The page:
In the matter of Smuts v Booyens; Markplaas (Edms) Bpk and Another v Booysens  ZASCA 57 (also 2001 (4) SA 15 (A)) the court held that the word “transfer” consisted of a number of steps within a private company setting: (a) an agreement to transfer, (b) the execution of the transfer document, and (c) registration of transfer. In terms of the 1973 Act the restriction on the transferability of the shares in a private company as contained in the articles of association had to be complied with, failing which no valid transfer could take place, even if the purchaser was unaware of the restriction. Private companies under the New Companies Act have retained these features while additional flexibility and simplicity of management has been built into the New Companies Act to cater for smaller businesses.
The primary differences between a private company and a public company are that the transmissibility of the shares are no longer limited, shares may be offered to the public (subject to certain conditions which will be discussed later in this series) and membership in the company is unlimited.
As set out in Part 1 of this series, one of the main objectives of the New Companies Act is to foster a spirit of entrepreneurialism in South Africa by rendering it simple and inexpensive to incorporate a company. In fact the incorporation of a company is now worded in terms of being a right rather than a privilege bestowed by the State.
The incorporation process begins with a “Notice of Incorporation” (in accordance with the provisions of section 13(1) and signed by all members) being filed with the Commission. The Notice of Incorporation must be accompanies by the Memorandum of Incorporation and the prescribed fee. The contents of the Memorandum of Incorporation are those matters set out in section 15 and include the rights, duties and responsibilities of the shareholders and directors within and in relation to the company. It should be noted that the Memorandum of Incorporation may be unique to the company in question (but must still comply with section 15) or the company may elect to utilise the pre-prepared form in the New Companies Act and amend it at will.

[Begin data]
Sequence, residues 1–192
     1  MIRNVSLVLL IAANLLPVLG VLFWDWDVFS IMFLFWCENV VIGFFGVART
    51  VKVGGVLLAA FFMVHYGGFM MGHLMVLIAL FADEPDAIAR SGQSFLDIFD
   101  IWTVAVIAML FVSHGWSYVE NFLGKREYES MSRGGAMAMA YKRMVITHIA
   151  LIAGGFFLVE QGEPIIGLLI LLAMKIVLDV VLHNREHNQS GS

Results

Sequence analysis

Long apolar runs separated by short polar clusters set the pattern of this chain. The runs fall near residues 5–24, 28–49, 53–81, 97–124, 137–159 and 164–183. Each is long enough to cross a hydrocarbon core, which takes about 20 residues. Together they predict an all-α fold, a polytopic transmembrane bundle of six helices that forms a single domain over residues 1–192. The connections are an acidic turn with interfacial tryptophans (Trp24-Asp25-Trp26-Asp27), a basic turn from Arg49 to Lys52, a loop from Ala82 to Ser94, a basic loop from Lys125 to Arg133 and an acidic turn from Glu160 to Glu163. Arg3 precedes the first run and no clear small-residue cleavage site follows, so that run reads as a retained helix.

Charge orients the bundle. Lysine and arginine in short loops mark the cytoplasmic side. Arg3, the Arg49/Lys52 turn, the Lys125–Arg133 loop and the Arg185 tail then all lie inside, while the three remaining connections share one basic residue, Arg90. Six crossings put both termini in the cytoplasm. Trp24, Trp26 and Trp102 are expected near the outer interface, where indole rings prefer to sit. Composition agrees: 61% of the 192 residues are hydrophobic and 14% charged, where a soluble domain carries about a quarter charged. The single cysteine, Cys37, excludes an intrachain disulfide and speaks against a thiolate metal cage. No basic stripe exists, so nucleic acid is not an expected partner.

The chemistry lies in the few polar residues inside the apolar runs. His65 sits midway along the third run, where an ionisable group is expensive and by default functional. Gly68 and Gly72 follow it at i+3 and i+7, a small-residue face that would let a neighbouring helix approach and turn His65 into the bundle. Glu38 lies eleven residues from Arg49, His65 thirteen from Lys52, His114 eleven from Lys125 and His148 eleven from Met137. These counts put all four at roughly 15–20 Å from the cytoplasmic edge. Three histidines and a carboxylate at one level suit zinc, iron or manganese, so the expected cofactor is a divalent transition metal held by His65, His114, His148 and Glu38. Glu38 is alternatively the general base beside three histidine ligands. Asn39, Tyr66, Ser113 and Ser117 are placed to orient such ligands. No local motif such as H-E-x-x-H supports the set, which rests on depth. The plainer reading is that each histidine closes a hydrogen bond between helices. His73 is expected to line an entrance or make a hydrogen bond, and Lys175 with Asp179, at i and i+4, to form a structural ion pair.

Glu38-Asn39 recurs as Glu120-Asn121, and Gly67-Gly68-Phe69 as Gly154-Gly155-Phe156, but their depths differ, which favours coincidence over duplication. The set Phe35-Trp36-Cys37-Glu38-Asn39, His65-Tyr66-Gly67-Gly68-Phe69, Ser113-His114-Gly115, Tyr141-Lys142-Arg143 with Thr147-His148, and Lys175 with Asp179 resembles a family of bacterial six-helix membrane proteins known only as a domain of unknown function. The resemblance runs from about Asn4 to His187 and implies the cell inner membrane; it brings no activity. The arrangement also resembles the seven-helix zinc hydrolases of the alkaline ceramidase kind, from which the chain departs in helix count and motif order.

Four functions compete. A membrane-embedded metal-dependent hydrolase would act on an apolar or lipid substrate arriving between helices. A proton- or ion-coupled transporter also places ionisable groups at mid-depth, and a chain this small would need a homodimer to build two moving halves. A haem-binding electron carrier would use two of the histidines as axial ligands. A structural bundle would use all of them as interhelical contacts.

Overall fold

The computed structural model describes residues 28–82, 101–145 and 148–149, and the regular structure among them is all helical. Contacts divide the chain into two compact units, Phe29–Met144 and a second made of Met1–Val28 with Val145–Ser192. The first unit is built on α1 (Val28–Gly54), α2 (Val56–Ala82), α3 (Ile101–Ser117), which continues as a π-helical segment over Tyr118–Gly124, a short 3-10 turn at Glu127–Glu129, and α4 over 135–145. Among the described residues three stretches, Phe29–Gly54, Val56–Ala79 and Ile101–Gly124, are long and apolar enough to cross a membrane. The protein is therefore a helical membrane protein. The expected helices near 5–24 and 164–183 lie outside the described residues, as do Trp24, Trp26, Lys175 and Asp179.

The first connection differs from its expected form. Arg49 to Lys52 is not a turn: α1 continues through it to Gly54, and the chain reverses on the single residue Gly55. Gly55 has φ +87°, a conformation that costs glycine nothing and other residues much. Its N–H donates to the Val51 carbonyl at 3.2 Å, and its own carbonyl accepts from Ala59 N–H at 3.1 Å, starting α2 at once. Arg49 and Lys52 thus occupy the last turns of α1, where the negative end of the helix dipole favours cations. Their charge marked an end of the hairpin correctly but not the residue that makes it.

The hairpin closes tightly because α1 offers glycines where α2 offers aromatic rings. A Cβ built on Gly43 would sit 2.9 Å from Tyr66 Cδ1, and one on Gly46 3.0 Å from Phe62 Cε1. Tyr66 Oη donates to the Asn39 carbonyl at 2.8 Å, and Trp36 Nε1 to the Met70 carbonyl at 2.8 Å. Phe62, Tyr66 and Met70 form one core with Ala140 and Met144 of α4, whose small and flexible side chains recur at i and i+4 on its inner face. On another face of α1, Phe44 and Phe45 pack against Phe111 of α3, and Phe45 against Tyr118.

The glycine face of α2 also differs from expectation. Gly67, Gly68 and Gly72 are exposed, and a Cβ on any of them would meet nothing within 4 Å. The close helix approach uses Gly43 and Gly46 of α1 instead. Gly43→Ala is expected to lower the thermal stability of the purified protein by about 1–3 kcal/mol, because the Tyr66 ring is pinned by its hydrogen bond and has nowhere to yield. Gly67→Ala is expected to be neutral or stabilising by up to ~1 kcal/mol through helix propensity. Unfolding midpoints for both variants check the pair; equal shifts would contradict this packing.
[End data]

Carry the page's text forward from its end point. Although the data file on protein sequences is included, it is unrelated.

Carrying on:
At the very least the following matters should be comprehensively dealt with in the Memorandum of Incorporation:
- the objects and powers of the company (together with any restrictions on that power);
- composition and functioning of the board of directors (including alternate directors and frequency of meetings);
- board committees;
- powers of the board and powers of the shareholders;
- shareholder meetings and shareholder rights;
- personal liability and indemnification of directors;
- amendment of the Memorandum of Incorporation;
- company secretaries and other officers;
- disposals of shares by shareholders;
- conversions of shares into different classes;
- the ability of the board of directors to create rules.
The ability of the board of directors to create rules is a specific right of the New Companies Act. In terms of section 15(3) of the New Companies Act, unless the company’s Memorandum of Incorporation dictates otherwise, the directors are entitled to make, amend, or repeal any rules relating to the company in respect of any matter not dealt with the in the New Companies Act or in the Memorandum of Incorporation, provided that a copy of such rules are published in accordance with the provisions of the Memorandum of Incorporation and filed with the Commission. Any rules so published will take effect within 20 days after publication or on the date specified in the rule, whichever is the later.
The company’s Memorandum of Incorporation and rules are binding among the shareholders, between the company and the shareholders, between the company and each director, and the company and all prescribed officers and audit committee member.
Companies may still enter into shareholder agreements. However whereas in the past the parties were able to agree that in the event of any inconsistency between the articles of association and the shareholders’ agreement, the shareholders’ agreement would take precedence, under the New Companies Act, all shareholders’ agreements must comply with the New Companies Act and the Memorandum of Incorporation and to the extent that the shareholders’ agreement is inconsistent with either document, the shareholders’ agreement will be void to the extent of the inconsistency.
In terms of item 4(2)(a) of the Fifth Schedule to the New Companies Act, all pre-existing companies may at any time within 2 years following the general effective date, file without charge any amendment to its Memorandum of Incorporation to bring it in harmony with the new Companies Act.